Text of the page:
The Economist: What Asia’s economic revolution means for the world

    WORLD  23 September 2023 - 23:04

    The Economist carries an article saying that links between the region’s countries are getting stronger but America’s loss is not entirely China’s gain. Caliber.Az reprints the piece.

    The phrase “factory Asia” describes one of history’s most impressive economic achievements. Over the past half-century Japan, South Korea, Taiwan and, more recently, China became bustling hubs for manufacturing goods, which they then exported to the rest of the world, especially the well-off West. Millions of Asians escaped poverty by making stuff; many grew prosperous. Now the region’s economic model is shifting again, with consequences for Asia and for the world.
    Asia’s long manufacturing boom fostered a wave of trade integration. In 1990, 46% of Asian trade took place within the region. By 2021 that figure had risen to 58%, making it the most integrated continent after Europe. As Asia has become richer and its firms more muscular, investment flows are becoming more regional, too.
    Over the past decade Asian firms have been enthusiastic investors in their own neighbourhood. Foreign direct investment into Asia by other Asians has grown almost twice as quickly as that by Western investors. Much of it has come from rich and ageing Japan and South Korea, as well as from China, and has gone to poorer, younger places. As a result, in 2021 Asians owned 59% of the stock of foreign direct investment in Asia (excluding the financial hubs of Hong Kong and Singapore), up from 48% in 2010. The West’s share, meanwhile, has fallen.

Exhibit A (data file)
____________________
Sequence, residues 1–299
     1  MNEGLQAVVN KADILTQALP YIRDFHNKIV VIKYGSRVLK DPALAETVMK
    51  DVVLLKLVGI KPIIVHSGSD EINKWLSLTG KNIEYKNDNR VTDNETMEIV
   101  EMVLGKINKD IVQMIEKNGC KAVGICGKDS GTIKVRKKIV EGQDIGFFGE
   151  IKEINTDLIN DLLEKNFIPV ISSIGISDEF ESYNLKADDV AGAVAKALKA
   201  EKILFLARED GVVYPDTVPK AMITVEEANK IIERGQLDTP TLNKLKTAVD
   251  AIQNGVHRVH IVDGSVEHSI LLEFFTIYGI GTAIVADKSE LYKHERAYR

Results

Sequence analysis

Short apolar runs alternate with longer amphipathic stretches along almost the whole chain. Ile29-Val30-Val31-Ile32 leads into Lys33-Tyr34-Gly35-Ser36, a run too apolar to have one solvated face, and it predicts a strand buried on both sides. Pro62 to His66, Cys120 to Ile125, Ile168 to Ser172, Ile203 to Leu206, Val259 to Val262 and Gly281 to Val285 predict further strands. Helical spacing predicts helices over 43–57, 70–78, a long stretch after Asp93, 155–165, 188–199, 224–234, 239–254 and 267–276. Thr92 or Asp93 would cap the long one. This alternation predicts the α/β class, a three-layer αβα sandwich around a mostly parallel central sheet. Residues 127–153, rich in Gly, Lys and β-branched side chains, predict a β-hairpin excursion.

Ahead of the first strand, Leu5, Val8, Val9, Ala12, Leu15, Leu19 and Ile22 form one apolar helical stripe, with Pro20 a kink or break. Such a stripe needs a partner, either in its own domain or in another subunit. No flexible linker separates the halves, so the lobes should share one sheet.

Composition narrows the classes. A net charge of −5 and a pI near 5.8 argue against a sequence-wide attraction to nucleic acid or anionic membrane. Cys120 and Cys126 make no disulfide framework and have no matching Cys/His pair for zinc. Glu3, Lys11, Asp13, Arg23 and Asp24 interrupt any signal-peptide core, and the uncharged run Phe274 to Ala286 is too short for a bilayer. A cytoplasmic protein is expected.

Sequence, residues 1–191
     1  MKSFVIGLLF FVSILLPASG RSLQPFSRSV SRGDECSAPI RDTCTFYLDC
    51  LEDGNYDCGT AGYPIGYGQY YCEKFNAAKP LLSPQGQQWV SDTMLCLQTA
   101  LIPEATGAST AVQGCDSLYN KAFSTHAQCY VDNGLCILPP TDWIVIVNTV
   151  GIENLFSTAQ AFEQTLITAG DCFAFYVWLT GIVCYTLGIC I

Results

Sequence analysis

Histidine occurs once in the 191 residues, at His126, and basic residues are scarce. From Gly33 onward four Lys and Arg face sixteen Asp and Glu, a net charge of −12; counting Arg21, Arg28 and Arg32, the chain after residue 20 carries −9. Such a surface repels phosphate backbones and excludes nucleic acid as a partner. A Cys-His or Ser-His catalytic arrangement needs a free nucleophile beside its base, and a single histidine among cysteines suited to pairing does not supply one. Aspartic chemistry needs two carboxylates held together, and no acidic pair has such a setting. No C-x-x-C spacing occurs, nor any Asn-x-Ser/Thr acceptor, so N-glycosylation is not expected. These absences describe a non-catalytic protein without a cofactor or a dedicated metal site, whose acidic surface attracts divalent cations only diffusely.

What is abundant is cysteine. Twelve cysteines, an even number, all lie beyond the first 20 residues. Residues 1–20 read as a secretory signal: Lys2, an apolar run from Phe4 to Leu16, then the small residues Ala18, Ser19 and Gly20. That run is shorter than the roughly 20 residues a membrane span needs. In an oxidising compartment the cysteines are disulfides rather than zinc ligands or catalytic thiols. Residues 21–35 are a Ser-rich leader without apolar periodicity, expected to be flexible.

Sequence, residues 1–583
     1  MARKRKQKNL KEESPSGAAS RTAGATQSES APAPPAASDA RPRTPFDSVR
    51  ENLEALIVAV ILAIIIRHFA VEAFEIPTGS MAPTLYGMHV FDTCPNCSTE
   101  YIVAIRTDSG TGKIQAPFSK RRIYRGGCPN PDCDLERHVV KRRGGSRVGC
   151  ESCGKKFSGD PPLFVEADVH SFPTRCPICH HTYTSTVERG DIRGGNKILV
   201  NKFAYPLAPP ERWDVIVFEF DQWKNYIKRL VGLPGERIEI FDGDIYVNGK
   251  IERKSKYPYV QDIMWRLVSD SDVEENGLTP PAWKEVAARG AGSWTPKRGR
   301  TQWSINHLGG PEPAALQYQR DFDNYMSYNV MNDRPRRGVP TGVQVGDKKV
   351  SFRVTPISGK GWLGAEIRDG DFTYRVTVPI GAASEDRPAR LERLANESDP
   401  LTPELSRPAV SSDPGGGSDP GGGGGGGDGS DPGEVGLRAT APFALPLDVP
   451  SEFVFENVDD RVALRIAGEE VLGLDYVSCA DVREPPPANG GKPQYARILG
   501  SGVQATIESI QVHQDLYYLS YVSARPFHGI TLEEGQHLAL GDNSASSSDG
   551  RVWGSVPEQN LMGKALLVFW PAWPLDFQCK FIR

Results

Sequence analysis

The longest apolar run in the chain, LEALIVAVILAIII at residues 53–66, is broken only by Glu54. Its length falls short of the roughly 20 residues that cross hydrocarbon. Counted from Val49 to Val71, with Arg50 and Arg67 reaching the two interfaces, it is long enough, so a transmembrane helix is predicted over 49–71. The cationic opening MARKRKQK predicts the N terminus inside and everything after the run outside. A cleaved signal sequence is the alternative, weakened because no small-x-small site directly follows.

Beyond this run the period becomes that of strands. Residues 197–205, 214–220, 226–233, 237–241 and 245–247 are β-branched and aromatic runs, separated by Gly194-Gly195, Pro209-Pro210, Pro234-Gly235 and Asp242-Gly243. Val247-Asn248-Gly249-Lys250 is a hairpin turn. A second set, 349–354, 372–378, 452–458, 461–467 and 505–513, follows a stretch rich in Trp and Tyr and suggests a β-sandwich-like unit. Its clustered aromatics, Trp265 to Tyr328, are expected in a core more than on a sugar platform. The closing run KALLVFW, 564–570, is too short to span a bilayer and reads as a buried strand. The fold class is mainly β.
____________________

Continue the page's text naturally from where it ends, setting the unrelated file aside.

A similar picture emerges from other financial flows. Asia’s share of cross-border bank lending has risen from less than 40% before the global financial crisis to 54% today. Firms like the Industrial and Commercial Bank of China, Japan’s Mitsubishi ufj Financial Group and Singapore’s United Overseas Bank have expanded in the region even as Western lenders have retreated.
    What development finance is done in the region by America is done in large part through multilateral banks. Asian countries are bigger lenders, and direct ones too. Between 2015 and 2021 China committed an average of $5.5bn to the region annually, compared with $4bn from Japan and $2.9bn from South Korea. Much of this is accompanied by the transfer of technical expertise. Visit Ho Chi Minh City’s nearly completed metro stations, and you cannot miss that they were built with Japanese support. Few infrastructure projects across the region are bedecked in the Stars and Stripes.
    Asian integration is likely to deepen. Newish trade agreements such as the Regional Comprehensive Economic Partnership have removed some of the barriers to commerce. As supply chains become still more complex, more cross-border investment in logistics will be needed. Even where regional firms are scrambling to reduce their reliance on China, many are looking to set up factories in India or Vietnam instead.
    More important, Asia’s rising consumers should turbocharge integration. For now a large share of intra-Asian trade is in intermediate inputs, used to produce finished goods, rather than consumer items. But over the next five years, the imf predicts, emerging and developing Asian economies are likely to grow by 4.5% a year, three times as quickly as advanced countries. As consumers get richer they will buy more from their neighbours.